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The Mac comes with apps for writing notes, letters, and even books, but take the time to look further and there are superb writing apps for every aspect of writing.
You do already have Pages on your Mac — and on your iPhone and iPad too — and it is a world-class word processor. Pages tends to hide its features away, preferring to make it look simple and basic, but it is powerful.
Then, too, if you had to bet on which other word processor was on a given Mac, the smart money would be on Microsoft Word. It’s still a titan in the industry, though it’s fallen a long way since it was both ubiquitous with, and essential for, all writers.
Pages is free and Word is now a subscription app that costs from $70 per year. It is still possible to buy Word outright, and that starts with what’s called a Home edition for $150.
Before you spend that, though, take a look at the specialist writing tools which make the Mac extraordinarily useful for writers.
OmniOutliner is, as the name stresses, an outlining tool. It’s also very good at outlining everything from novels to non-fiction tomes. However, it’s really rather more than that, as its core strength is in expanding ideas.
Whether your idea is for a story, or your boss has thrown five events at you to create, OmniOutliner lets you jot down any thought. Dump every idea you’ve got into it and then you can arrange, massage, grow it all until you’ve got a complete, working project.
OmniOutliner is available on both Mac and iOS, beginning with an Essentials version that costs $20 on either platform.
On the surface, Drafts 5 is as basic a notetaking app as you can get — but that’s specifically to make using it quick. Whether you’re just learning the app or have used it for years, you can get starting writing fast.
Then while that could be all you need from Drafts 5, you also get the ability to decide what to do with text once you’ve written it. Get it written in Drafts, then you can tell the app to send it as an email, to post as a blog, or any of countless actions that are available.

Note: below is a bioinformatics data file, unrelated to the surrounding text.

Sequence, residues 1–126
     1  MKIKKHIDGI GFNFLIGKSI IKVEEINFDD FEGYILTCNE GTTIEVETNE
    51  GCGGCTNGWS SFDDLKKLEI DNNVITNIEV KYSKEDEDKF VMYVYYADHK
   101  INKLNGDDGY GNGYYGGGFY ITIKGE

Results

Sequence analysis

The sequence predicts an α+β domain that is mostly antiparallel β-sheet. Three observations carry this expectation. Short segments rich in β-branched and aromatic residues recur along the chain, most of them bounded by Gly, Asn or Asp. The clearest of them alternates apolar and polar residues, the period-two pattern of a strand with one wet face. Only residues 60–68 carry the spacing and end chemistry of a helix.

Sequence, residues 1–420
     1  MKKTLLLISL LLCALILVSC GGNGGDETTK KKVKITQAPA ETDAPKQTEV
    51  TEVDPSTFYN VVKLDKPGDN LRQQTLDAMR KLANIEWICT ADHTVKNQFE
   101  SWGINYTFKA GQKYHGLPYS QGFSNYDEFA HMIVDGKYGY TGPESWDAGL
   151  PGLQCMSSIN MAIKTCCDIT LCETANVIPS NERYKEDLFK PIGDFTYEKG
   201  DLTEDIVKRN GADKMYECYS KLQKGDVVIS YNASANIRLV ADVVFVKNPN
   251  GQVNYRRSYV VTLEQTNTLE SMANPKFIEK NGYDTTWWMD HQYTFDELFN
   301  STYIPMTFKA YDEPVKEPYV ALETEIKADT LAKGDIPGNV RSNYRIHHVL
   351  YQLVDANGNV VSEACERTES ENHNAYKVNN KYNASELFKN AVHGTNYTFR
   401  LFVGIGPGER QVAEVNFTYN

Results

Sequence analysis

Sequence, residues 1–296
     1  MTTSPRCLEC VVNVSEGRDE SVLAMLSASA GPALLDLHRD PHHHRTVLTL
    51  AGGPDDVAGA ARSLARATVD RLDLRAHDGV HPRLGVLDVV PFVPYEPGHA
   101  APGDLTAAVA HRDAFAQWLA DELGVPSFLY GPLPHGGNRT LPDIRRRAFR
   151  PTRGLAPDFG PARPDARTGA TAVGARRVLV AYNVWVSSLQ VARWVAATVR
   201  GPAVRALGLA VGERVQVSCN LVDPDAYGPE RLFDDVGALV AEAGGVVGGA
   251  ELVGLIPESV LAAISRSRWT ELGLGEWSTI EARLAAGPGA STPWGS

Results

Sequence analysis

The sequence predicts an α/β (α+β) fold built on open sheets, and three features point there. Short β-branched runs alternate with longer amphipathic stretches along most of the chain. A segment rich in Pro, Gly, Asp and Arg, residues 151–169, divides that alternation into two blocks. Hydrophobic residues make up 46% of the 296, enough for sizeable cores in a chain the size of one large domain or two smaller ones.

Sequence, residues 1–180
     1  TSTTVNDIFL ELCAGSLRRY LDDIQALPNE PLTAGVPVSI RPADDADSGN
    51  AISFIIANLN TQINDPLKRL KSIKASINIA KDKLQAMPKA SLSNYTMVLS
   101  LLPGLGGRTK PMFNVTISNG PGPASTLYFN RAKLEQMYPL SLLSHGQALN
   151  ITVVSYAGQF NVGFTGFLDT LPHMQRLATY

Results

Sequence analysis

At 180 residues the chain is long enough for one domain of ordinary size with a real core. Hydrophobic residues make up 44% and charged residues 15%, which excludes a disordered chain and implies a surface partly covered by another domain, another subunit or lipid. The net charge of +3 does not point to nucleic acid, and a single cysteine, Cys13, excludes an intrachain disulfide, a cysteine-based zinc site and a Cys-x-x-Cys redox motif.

Drafts 5 is free to download and use, but those actions require a Drafts Pro subscription, which costs $20 per year.
Ulysses is also an apparently simple text editor that hides a lot of power. In this case, the strength is in how it’s as much a writing environment as a basic word processor.
Rather than having documents that you create and then have to manage yourself, Ulysses treats everything you write as one document. It’s all divided into books and chapters and topics as you need, but open Ulysses and you have immediate access to everything you’re writing.
Ulysses is a subscription app that costs $50 per year for use across Mac, iPhone and iPad.
As a word processor, Scrivener is simply enjoyable to write in. Then as you write more, its ability to organize your work — and let you rearrange whole chapters — is far better than that of Pages or Word.
You’re able to see, for instance, just chapters 17 and 33 of your novel. You can see those side by side, or one after another. You can set writing targets for the book, or just for this session.
Then it’s ability to take all of your writing and output it ready for book printing, ready for sending to publishers, is famous. And so is how you can store any research — notes, drafts, weblinks, PDFs, audio, video, and more — in your book.
Have quick access to everything you need to refer to, yet also have none of that be shown to your readers.
Long before the Mac introduced Focus Mode, iA Writer had its own version. In iA Writer, if you choose, you can have all of your writing fade to grey — except the sentence you’re working on right now.
Then, again optionally, iA Writer can highlight adjectives, verbs and so on, surfacing your use or over-use of them. It’s about giving you the ability to see the wood for the trees, except when it’s trees you want to see.
The iA Writer app is built around Markdown, meaning that formatting and styles are done with text commands right in the text.
Screenwriting app Final Draft has more competitors now, but it remains a leading choice for film and television writers. It’s a word processing app, and can be used for letters and prose, but its strength is in how it automates screenwriting formats.
Scripts are blueprints for a dozen or more different departments in a film’s production, and to serve all their needs, very particular formats and page layouts have been developed over decades. Final Draft automatically formats as you write and it means you can concentrate on your story, characters, and dialog.
No one writing app covers everything that a writer will need. As well as major apps like Final Draft, and Pages, there are also many utilities that writers can benefit from.
Check out the subscription service Setapp which includes some major titles such as Ulysses, but then also utilities such as Mars Edit for blogging.
A subscription to Setapp usually costs from $9.99 per month, but for a limited time an annual license can be had for 36% off through the AppleInsider store.